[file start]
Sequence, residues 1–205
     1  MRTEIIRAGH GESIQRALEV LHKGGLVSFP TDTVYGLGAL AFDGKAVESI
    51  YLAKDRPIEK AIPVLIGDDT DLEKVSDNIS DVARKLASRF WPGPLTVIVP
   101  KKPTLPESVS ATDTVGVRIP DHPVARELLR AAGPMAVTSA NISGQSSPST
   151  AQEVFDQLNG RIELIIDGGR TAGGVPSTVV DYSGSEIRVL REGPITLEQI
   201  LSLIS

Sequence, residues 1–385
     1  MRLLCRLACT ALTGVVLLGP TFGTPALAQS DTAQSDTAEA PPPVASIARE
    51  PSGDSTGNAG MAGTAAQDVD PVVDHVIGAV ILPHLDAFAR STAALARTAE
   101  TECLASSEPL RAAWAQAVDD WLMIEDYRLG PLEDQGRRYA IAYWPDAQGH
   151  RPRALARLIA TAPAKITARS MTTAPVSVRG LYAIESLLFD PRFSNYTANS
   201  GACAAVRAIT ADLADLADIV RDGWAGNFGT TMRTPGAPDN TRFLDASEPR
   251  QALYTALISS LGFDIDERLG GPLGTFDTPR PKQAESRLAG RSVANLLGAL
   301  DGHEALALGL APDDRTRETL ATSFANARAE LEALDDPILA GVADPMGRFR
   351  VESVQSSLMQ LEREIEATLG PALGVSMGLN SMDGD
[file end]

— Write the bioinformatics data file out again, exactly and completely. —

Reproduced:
Sequence, residues 1–205
     1  MRTEIIRAGH GESIQRALEV LHKGGLVSFP TDTVYGLGAL AFDGKAVESI
    51  YLAKDRPIEK AIPVLIGDDT DLEKVSDNIS DVARKLASRF WPGPLTVIVP
   101  KKPTLPESVS ATDTVGVRIP DHPVARELLR AAGPMAVTSA NISGQSSPST
   151  AQEVFDQLNG RIELIIDGGR TAGGVPSTVV DYSGSEIRVL REGPITLEQI
   201  LSLIS

Sequence, residues 1–385
     1  MRLLCRLACT ALTGVVLLGP TFGTPALAQS DTAQSDTAEA PPPVASIARE
    51  PSGDSTGNAG MAGTAAQDVD PVVDHVIGAV ILPHLDAFAR STAALARTAE
   101  TECLASSEPL RAAWAQAVDD WLMIEDYRLG PLEDQGRRYA IAYWPDAQGH
   151  RPRALARLIA TAPAKITARS MTTAPVSVRG LYAIESLLFD PRFSNYTANS
   201  GACAAVRAIT ADLADLADIV RDGWAGNFGT TMRTPGAPDN TRFLDASEPR
   251  QALYTALISS LGFDIDERLG GPLGTFDTPR PKQAESRLAG RSVANLLGAL
   301  DGHEALALGL APDDRTRETL ATSFANARAE LEALDDPILA GVADPMGRFR
   351  VESVQSSLMQ LEREIEATLG PALGVSMGLN SMDGD